While I can’t prove clinically or otherwise that this caused my MS, I believe it to be true with all my heart. At minimum, it was a major contributor.

Once the symptoms impacted my daily life to a significant degree, I stopped stressing out about a lot of things. The fact that, unlike many people with MS, I don’t live in chronic pain, am not confined to a wheelchair, and am not struggling to make ends meet because my condition doesn’t permit me to work or perform well at my job, certainly helped. How can anyone not be frazzled by having to endure that? My symptoms are annoying, severely limit what I can do, and have forced me to change a lot in my life, but I don’t live with that kind of fear or torment. My reality gave me a very different perspective about life, and made a lot of things that used to bother me feel trivial and unimportant.

Don’t get me wrong, I’m not Mr. Cool, Calm and Collected. A few things remain that I get stressed over, stubborn remnants of my core personality. The one thing I know for sure is that when stress begins to pluck my nerves, my MS takes notice. Stress exacerbates my symptoms, and I can feel it happening. My leg feels flushed, as if what little strength remains is being drained. The limb dangles, flops, and sometimes feels like it doesn’t even exist. I feel like an amputee whose prosthesis is missing, and I have to get from point A to point B without anything for support. When this happens I find a place to sit, close my eyes, and try to focus on my breathing until I can feel by pulse subside and body relax. Normal feeling usually returns shortly thereafter.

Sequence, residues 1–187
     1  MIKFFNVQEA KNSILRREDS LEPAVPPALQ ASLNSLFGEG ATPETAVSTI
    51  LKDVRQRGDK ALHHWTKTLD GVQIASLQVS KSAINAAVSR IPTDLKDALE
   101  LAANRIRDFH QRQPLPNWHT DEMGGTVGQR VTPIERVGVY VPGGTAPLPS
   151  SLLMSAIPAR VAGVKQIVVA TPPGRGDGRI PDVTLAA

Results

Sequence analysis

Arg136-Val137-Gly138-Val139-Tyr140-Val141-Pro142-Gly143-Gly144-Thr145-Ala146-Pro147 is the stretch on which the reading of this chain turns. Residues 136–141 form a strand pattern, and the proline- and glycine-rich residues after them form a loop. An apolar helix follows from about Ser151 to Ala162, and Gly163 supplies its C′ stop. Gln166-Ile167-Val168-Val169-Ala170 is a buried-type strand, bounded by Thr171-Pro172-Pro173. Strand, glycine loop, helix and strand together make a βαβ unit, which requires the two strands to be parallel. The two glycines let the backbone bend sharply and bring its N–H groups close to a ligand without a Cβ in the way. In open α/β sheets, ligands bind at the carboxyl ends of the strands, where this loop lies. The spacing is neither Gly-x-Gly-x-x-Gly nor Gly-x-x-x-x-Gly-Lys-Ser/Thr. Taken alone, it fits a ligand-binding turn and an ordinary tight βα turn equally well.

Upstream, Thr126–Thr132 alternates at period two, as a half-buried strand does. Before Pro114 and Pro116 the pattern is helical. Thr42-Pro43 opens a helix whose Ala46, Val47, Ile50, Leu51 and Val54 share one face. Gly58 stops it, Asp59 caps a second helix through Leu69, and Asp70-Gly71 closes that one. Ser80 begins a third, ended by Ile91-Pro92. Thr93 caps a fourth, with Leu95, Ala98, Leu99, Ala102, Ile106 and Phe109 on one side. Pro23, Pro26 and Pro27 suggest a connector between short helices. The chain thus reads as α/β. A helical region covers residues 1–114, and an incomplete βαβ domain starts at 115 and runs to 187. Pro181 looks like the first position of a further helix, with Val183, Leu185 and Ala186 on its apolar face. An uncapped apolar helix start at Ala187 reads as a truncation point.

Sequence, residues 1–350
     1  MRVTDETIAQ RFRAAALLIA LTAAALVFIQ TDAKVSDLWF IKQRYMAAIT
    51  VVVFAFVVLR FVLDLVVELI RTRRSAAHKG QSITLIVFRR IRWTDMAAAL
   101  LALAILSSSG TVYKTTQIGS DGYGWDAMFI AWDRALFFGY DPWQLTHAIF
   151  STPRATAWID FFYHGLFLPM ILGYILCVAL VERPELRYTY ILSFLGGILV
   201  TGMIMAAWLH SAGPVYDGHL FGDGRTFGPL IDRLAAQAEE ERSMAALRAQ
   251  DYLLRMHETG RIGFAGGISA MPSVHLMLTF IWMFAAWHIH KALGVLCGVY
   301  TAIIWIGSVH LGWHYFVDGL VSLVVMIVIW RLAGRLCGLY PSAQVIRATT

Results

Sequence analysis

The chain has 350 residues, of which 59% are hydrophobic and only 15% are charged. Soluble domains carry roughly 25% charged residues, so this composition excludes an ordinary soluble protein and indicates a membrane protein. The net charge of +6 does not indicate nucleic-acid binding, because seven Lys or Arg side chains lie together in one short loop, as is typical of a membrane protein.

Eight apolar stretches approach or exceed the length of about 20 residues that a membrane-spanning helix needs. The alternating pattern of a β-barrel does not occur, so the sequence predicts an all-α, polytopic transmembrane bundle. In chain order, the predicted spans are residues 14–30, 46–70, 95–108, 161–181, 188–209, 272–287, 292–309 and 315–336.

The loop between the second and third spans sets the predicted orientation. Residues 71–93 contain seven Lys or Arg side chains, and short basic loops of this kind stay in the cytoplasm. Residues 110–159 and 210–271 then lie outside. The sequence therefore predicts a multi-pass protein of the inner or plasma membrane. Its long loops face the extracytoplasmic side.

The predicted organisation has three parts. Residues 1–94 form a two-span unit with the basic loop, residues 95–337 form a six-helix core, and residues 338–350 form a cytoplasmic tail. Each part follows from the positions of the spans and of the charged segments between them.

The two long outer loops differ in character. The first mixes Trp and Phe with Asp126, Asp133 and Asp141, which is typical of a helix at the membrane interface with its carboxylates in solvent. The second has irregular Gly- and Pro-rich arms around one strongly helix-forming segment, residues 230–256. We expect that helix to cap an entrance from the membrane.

Obviously, dealing with PPMS has added to my list of stress triggers, but not in the way you might think. I don’t stress over wondering about how I will feel a year, five years or ten years from now, if I will be confined to a wheelchair, if it will spread to other parts of my body, or if pain will begin to have an intimate relationship with me, because I honestly don’t think about that stuff. Not very often, anyway.

What bothers me is the wondering. What gets my mind going is when I feel something I haven’t experienced before, and wonder if this is the start of what will take me down one of those paths.

I don’t know a lot about RRMS because I never had to deal with it. What I know about that strain is from what the people who do have it tell me, or from what I read. And from what I gather, when a flare is underway, it is as subtle as a sledgehammer. There is no debate or question about what is going on. It is crystal clear and obvious.

My PPMS was never like that. My flares aren’t flares in the typical sense, but are often a subtle loss of function that becomes permanent. For me, it has been a slow and gradual process. The problem is, everyone has more aches and pains as they get older, or develop something that is more age-related than anything else. So if you get a twinge here, or something feels funny there, it’s hard not to wonder whether or not it is MS related.